Friday May 28th, 2004 12:20 AM

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"One thing we eventually want to pursue is a "XUL Runtime Environment""

Is that the same as "Gecko Runtime Environment" (GRE)? I thought it has been referred to as GRE for the longest time. :-\

#3 Re: "XUL Runtime Environment" ???

by dave532

Friday May 28th, 2004 1:27 AM

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As far as I know the XRE would be a superset of the GRE, the GRE just containing the core Gecko components that apps can link against in the standard way. Whereas the XRE would basically be a runner for XUL so you just have to distribute the xul/js/etc files without any need for compilation.

This would lower the barrier for entry as you could create your own standalone apps without the need of a compiler

#8 Re: Re: "XUL Runtime Environment" ???

by buff

Friday May 28th, 2004 5:40 AM

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The XRE should get integrated into Gnome or KDE so no installation is required to run new XUL apps. That would be a serious advantage to using Mozilla as an application framework. It would be easy and cool to make little desklets in XUL/JS that perform simple functions.

#6 Re: "XUL Runtime Environment" ???

by mlefevre

Friday May 28th, 2004 4:30 AM

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Well not that long, the GRE was called the MRE (M for Mozilla) until about 18 months ago.

But it's not a new name - it's more than just the GRE. More about it at <http://www.mozilla.org/projects/xul/xre.html> (and at the bottom there's a link to an even older doc where the XRE was going to be based on the MRE rather than the GRE). As you can see from that page, it's at the stage of discussions and plans, rather than anything concrete yet - although Ben has mentioned several times that it's one of the things he's been spending some time thinking about.

#11 Reply

by Dizzle

Friday May 28th, 2004 9:38 PM

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Maybe it's because I'm tired right now. But I'm sick of people talking about download size. Mozilla takes less than a minute to download. After installing I still have gigs upon gigs of space. When I copy it to a USB stick there's still room. I put it on a CD once and had tons of space left. I transfered it over the network and it took a matter of seconds. I burnt it to DVD and it doesn't even fill one circle.

browsing speed, memory usage these things matter. Download size. Get a life.

#13 Re: Reply

by Gnu

Saturday May 29th, 2004 12:48 AM

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Download size still means a lot to a lot of folks, and can potentially turn people away from trying out applications. You and I may not think anything of pulling a 10MB file, but folks on dial-up or worse will give it a miss if they feel "comfortable" with the products they already use, not being willing to have a go at a better alternative if it's inconvenient. High-speed connections are hardly with the worldwide majority of users, so size matters a great deal.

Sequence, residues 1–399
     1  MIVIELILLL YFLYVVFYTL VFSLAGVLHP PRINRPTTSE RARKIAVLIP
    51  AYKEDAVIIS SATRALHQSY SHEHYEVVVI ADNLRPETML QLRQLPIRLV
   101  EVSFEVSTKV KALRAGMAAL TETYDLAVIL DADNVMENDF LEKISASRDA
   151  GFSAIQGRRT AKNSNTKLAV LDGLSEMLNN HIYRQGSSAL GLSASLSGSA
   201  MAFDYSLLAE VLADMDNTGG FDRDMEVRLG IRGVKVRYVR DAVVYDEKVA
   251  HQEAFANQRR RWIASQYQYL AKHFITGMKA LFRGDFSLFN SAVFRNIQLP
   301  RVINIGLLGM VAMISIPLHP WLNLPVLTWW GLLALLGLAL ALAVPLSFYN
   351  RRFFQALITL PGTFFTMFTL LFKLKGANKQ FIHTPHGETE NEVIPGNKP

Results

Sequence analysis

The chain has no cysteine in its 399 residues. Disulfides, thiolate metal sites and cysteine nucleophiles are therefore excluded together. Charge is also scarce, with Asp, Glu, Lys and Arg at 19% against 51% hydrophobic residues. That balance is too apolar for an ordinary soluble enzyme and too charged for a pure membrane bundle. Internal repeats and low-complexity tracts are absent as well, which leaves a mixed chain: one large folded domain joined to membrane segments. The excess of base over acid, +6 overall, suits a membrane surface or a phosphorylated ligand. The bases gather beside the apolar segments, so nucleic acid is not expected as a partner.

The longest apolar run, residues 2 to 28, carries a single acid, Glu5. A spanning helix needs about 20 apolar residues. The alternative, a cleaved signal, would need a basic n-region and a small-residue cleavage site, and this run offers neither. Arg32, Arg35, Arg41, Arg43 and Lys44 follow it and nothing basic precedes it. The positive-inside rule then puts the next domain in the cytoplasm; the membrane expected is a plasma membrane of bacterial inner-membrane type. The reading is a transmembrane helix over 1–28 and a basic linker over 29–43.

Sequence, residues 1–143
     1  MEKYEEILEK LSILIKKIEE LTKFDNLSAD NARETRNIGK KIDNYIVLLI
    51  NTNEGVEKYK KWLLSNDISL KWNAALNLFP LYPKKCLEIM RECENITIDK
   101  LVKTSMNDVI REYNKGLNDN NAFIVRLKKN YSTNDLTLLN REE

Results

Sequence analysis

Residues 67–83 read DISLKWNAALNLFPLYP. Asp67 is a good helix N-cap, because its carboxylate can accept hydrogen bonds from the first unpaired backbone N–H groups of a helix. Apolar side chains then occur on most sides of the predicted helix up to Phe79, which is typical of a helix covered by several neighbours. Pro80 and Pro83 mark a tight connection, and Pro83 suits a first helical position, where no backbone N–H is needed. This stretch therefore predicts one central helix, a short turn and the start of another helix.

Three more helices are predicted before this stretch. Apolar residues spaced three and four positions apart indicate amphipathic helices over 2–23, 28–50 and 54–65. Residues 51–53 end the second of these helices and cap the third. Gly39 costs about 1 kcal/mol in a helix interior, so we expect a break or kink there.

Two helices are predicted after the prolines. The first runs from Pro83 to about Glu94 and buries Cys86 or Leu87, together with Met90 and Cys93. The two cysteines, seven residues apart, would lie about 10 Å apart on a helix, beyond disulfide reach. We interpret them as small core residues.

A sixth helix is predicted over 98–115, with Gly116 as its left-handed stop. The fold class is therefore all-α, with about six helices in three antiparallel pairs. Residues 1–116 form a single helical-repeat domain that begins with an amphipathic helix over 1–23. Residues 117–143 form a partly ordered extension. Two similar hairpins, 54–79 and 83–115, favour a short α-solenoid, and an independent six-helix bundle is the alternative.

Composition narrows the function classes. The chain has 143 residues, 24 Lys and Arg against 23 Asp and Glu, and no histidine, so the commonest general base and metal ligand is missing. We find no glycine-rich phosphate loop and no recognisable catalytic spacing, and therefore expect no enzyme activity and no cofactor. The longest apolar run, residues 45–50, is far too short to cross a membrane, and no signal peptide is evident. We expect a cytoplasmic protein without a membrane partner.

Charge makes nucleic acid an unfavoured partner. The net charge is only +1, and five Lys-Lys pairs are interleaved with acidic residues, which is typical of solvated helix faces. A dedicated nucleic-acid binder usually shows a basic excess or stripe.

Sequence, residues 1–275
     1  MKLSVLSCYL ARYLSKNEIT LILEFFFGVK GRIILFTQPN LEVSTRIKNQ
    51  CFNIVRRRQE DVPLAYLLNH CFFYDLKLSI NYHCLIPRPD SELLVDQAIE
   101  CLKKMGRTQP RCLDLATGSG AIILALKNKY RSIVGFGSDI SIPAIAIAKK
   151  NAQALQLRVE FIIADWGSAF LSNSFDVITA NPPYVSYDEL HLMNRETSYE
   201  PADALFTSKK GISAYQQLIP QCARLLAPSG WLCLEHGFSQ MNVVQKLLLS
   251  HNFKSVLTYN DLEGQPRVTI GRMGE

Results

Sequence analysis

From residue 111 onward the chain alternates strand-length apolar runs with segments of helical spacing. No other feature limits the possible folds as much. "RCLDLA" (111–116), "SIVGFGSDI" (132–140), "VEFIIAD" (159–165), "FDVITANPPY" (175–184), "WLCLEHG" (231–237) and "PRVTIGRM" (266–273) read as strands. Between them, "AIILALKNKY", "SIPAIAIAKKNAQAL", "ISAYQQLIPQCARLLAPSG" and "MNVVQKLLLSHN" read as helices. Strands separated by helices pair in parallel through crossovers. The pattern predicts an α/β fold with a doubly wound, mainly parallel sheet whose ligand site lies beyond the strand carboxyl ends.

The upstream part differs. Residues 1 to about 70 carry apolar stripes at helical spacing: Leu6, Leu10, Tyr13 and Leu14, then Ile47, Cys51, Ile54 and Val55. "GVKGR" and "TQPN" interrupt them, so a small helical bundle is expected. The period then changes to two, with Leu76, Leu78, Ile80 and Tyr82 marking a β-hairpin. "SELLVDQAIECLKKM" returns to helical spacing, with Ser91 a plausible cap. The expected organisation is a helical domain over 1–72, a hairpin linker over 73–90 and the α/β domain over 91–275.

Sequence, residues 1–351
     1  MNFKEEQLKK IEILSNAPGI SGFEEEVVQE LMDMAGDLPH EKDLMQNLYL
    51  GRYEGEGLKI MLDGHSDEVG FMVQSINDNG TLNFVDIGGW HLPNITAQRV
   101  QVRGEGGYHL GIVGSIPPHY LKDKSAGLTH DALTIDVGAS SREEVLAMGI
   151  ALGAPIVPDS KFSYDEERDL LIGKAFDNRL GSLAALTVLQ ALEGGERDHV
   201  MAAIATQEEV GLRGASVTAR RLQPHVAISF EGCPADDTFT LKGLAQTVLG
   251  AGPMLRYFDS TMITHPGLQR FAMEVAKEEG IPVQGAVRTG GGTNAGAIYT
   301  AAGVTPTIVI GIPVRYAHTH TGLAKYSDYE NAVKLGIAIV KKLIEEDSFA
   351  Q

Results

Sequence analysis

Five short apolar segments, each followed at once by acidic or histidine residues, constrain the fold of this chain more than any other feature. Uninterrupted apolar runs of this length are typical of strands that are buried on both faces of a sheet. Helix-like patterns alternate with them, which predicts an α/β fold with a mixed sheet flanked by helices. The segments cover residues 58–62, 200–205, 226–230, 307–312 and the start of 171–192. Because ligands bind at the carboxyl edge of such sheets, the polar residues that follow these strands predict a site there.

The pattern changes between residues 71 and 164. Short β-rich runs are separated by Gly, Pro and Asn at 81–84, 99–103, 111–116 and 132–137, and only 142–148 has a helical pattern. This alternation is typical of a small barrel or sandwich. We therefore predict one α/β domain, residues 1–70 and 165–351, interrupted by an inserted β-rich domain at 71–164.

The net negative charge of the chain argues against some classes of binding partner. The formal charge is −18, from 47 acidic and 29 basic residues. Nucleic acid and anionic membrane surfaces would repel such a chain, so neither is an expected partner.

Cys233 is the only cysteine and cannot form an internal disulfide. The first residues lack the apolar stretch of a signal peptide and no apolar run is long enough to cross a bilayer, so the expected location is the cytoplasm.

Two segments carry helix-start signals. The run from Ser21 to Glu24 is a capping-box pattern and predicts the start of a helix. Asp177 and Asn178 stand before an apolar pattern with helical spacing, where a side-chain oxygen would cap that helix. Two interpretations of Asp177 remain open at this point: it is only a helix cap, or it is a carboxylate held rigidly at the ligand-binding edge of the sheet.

#14 Re: Re: Reply

by Ben_Goodger

Saturday May 29th, 2004 1:53 AM

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Even for folks on broadband, mozilla's servers aren't the fastest in the world. The smaller download size makes a noticable difference, especially to testers/community QA

#15 Re: Reply

by buff

Saturday May 29th, 2004 8:39 AM

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Dowload size is very important to me. I am connecting to this forum using dial-up earthlink! I also like small application sizes since they launch faster in KDE and Gnome. The Mozilla suite takes a couple of seconds to appear for me while Firefox lauches in about a second. Ben you are the man! Less truly is more.

#18 Re: Reply

by Smigit

Tuesday June 1st, 2004 4:15 AM

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it takes me two-three hours to download. Im on dialup on a pair gain line. so its an issue, aklthough it doesnt stop me using it by any means and i wouldnt criticise it myself as a major issue.

#12 size ... mem

by kwanbis

Friday May 28th, 2004 9:42 PM

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the funiest part is that IE wights like 60 MB to download ...

#16 [nt] want your favorites--mozilla 1.5a and above.

by smkatz

Sunday May 30th, 2004 8:39 AM

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IE has a download manager (yes, I know so do we..) but we don't actually encourage the use of it. Maybe we should. (the Net Installer).

#17 Re: [nt] want your favorites--mozilla 1.5a and abo

by EyesOnly

Sunday May 30th, 2004 11:26 AM

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While it's true that we have a similar "download manager"/Net Installer, I was always told that it wasn't encouraged to use it because it often created "buggy" installs. The one time that I downloaded it from the FTP site just to test it that's just exactly what happened to me (I forget the version number) in that it failed to copy a number of files for the upgrade. Perhaps if some time could be placed into that as well it would make upgrading much, much, easier while still working towards reducing the over-all download size. Then upgrading for those people who aren't especially "net savvy" would definitely be a less painful experience. Possibly even more people would seriously consider changing from their current browser (maybe IE?) to our products?

I realise programmers and resources are stretched pretty thin as it is right now. But even if a few good minds could work on such a project I wonder what they could accomplish? If I hadn't have lost my programming experience in an "accident" I would've loved the challenge. Ah well...

#19 that's odd...

by fishbert

Tuesday June 8th, 2004 4:46 PM

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Am I the only one who finds it a little funny that the new theme and extension managers are listed under "stability" in the article? =)